But the German marque also thought about using technology to better protect their customers’ cars. So, for only $25 (excluding tax) per year, a Mercedes-Benz owner can have more control over their vehicle and more peace of mind. Since thefts are a problem that expensive car buyers must consider, an option like “Stolen Vehicle Assistance” might come in handy at some point. Plus, it might also help with lowering insurance premiums.
The carmaker says that through this feature it will be possible to tell local law enforcement where the car is and if it has moved. However, it will only do so after a police report was filed, and a case number was given. Then, this information and other additional details must be submitted to the Customer Assistance Center. Only after these steps were taken a Mercedes-Benz partner will try and locate the car to send constant updates about its location to the Police. The brand says in the product’s description that “investigations may start immediately which can increase the potential of retrieving your vehicle.”
The monitoring automatically stops after 30 days if the car doesn’t send out another signal. Also, according to the details available on the online shop, tracking stolen vehicles is not the same as owners looking at their phones to see where they parked. This “Stolen Vehicle Assistance” feature requires a Mercedes me account but is operated through Mercedes-Benz by a partner that has a “security center.” That’s it. There aren’t other things uncovered at this stage in the buying process.
But wait, there’s more!
Customers who wish to add this to their car after taking delivery will have to wait a couple of hours before it is enabled.
Mercedes-Benz also offers a Vehicle Monitoring subscription for $15 per year. Using the Mercedes me app, customers can easily navigate back to their cars’ parking spot (within a one-mile radius), can track the vehicle’s movement if they lend it to someone, and can even activate a special Valet Mode that sends out notifications if the driver is being too curious or too happy about driving their expensive car.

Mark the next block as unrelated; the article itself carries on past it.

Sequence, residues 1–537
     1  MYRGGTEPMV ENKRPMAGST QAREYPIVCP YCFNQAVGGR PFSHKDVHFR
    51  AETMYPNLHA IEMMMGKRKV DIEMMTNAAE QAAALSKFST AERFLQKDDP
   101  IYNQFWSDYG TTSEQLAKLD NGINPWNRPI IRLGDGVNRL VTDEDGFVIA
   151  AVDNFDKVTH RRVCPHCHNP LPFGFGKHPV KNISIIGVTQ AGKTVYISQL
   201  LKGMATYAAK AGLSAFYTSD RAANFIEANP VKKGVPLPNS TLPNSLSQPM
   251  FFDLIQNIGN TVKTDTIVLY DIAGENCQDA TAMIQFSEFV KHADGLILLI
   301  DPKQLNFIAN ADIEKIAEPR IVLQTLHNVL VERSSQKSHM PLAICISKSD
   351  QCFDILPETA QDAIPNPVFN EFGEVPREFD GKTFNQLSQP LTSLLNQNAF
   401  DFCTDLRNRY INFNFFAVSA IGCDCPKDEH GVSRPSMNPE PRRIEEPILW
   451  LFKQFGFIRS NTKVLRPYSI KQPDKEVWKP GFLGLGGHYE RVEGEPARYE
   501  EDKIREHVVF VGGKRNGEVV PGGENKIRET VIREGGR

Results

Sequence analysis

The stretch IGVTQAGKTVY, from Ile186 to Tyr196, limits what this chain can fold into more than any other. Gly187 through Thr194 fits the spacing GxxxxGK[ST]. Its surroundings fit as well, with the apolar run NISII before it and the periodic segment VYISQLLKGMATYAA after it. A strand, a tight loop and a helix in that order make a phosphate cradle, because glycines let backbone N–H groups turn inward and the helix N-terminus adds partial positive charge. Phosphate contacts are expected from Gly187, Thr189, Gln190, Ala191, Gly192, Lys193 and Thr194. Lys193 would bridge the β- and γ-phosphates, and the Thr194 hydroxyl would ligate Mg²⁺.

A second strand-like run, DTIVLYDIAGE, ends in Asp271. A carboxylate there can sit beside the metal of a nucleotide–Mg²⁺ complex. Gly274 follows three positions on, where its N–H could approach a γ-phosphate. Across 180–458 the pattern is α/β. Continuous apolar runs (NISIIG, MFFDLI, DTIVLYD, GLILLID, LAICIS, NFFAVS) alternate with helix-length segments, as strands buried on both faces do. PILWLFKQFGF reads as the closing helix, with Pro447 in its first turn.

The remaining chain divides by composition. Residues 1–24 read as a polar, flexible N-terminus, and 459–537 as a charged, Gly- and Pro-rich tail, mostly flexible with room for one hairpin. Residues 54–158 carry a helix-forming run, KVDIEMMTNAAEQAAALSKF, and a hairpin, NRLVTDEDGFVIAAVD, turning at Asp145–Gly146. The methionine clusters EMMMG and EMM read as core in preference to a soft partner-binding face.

Mercedes-Benz knows this may not be enough for its customers, so it also added Valet Service Mode and Beginner Driver Mode as a bundle for which buyers must pay $16 per year if they want more versatility from their cars. Parents can put the car in Beginner Driver Mode, which will limit the maximum speed possible to 75 mph (121 kph), keep the Electronic Stability Program (ESP) always on, and disable any Sport modes. The automaker says torque is “available at any time in battery-powered electric vehicles,” which may require young drivers to get used to the vehicle before getting access to its full potential. “Smoother acceleration enables a relaxed driving experience with the usual comfortable driving characteristics,” adds Mercedes-Benz.
On the other hand, Valet Service Mode does almost the same things as the Beginner Driver Mode – it restricts acceleration, limits the top speed to 50 mph (80 kph), keeps the ESP on, disables Sport driving modes, and hides personal information like navigation history and profile data.
Mercedes-Benz includes many more subscription-based features in its online store, which tells us this is not going to stop anytime soon. We will most likely enter a period where leasing a car won’t be enough. Other costs for options too attractive to miss out on might change our perception. It’s also possible that more and more carmakers will use this model to make money, even though right now, it’s suitable only for brands that have deep-pocketed customers.
Finally, those who want to experience full Mercedes-Benz ownership will most likely end up paying for all the gimmicks, while other car buyers will be left with a choice – go over budget or miss out on a bunch of cool or useful stuff.